2) Jeff Bagwell (1B, Houston Astros): The only holdover who deserves to be in the Hall more than Hoffman. Like Piazza and Sheffield, Bagwell is being penalized for playing baseball in the PED era. Bagpipes was one of the most feared hitters in baseball, with great power (449 HR), ability to drive in runs (1529 RBI), great hit tool (Lifetime .297 hitter) and even some speed for a first baseman (202 SB).
He was the best hitter on a team that was competitive for the better part of a decade. Last year his teammate Craig Biggio was elected, this season it is Bagwell’s time. He is one of those guys that as soon as you hear his name, if you don’t think PED’s (and you shouldn’t) you should automatically think Hall of Fame.
1) Ken Griffey JR (OF, Seattle Mariners): Speaking of automatically thinking of Hall of Fame, here is my number one choice to get in this season, his first on the ballot, Ken Griffey Jr. I know I will get arguments about this, but Griffey is arguably the greatest player to ever play the game. His combination of power, average, speed and defense is unmatched. Had he been able to be injury free in his career (and his injuries were a direct result of the way he played the game), there is no doubt in my mind that he would be the all-time home run king.
Think about it this way, he basically missed the equivalent of five seasons due to injury throughout his career, and he still hit 630 HR (6th all time), drove in 1,836 runs (15th all time), had 1,192 extra base hits (7th all time), won 10 consecutive Gold Gloves and was one of the few great players of that time who was NEVER associated with PED’s. He played the game with such joy and flair, and there is no better ambassador for the game of baseball than Griffey.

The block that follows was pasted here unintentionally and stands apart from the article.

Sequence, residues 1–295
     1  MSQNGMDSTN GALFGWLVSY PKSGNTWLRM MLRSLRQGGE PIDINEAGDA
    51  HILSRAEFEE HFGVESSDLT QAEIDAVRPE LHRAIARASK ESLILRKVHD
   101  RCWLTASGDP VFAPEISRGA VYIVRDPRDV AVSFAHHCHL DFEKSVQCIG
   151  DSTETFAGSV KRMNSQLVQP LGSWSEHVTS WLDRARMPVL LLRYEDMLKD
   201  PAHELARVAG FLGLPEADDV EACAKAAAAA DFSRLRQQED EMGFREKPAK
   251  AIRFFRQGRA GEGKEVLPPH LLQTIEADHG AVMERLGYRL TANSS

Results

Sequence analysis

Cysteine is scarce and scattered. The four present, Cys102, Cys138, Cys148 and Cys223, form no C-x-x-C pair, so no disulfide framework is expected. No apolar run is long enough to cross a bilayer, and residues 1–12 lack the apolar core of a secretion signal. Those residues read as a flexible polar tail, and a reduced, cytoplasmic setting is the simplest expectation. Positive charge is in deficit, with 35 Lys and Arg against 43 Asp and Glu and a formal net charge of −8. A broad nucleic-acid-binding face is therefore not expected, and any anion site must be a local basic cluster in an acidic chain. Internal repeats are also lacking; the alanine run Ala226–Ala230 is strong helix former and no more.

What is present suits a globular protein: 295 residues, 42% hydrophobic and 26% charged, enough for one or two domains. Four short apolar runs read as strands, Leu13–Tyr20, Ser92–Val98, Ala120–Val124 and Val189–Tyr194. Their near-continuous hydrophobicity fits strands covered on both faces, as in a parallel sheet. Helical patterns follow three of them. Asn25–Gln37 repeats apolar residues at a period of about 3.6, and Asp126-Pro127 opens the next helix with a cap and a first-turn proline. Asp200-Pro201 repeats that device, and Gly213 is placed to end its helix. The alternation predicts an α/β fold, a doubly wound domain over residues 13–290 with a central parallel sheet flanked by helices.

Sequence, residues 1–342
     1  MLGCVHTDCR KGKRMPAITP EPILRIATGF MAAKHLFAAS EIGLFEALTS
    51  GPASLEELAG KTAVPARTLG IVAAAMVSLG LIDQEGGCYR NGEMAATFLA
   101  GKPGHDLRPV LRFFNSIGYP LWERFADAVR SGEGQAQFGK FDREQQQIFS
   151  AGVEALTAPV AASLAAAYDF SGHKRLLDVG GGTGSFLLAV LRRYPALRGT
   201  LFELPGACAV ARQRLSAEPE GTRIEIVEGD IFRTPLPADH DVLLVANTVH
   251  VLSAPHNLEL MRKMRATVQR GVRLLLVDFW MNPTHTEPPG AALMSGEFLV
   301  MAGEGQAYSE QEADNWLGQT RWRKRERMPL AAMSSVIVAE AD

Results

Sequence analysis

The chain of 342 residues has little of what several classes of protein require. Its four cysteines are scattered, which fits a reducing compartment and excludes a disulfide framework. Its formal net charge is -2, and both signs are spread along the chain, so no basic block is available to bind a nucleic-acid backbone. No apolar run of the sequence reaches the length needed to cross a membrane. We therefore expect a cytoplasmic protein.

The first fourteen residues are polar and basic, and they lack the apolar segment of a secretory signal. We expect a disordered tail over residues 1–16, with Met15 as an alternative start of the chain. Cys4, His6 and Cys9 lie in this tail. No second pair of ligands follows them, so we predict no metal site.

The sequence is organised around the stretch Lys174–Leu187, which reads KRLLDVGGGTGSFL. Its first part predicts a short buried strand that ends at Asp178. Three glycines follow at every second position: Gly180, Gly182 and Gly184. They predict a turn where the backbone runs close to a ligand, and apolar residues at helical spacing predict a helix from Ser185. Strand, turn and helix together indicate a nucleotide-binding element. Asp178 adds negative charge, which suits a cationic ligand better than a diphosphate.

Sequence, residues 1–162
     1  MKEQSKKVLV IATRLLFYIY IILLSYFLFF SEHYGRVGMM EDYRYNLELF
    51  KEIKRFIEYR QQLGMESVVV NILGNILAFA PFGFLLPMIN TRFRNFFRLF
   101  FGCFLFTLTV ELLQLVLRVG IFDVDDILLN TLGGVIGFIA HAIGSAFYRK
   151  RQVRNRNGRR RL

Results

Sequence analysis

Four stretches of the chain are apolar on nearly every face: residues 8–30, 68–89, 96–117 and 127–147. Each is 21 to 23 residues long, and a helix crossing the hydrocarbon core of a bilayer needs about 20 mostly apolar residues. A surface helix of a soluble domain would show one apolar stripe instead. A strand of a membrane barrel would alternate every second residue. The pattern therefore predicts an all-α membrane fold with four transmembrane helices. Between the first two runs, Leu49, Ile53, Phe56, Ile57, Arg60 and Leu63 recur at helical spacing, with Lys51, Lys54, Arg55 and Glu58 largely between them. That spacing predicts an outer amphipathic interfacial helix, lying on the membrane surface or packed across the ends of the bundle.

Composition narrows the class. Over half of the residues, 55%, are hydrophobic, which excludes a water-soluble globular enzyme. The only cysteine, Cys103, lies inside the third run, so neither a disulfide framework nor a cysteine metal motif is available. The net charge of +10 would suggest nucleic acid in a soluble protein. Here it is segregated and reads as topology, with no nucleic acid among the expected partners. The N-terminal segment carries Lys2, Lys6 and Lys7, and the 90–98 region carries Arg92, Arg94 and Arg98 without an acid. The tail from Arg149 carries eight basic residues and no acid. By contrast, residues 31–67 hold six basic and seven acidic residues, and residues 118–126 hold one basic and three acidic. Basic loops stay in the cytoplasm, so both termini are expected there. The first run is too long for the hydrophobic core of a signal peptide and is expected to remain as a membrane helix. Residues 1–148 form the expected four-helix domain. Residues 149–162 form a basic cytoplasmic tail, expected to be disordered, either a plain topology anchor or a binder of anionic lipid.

Right now, Tom Seaver holds the record with 98.84 percent of the vote in his first season of eligibility to enter Cooperstown (yes, five idiots did not vote for him his first year), Ken Griffey Jr. is the one player who should be able to challenge Seaver for highest percentage.
So there you have my ballot of the 10 guys I would vote for to be put in the Hall this year. If Pete Rose were eligible, there is no doubt I would have voted for him too, but he isn’t. Obviously there is no way 10 guys get in this year, and sadly I think that only two will get inducted (Griffey & Hoffman), with Piazza and Raines just missing out this season.
Of course, there is a reason that it is called the Hall of Fame and not the Hall of Very Good. I guess if it was too easy to get in, it wouldn’t make it special at all.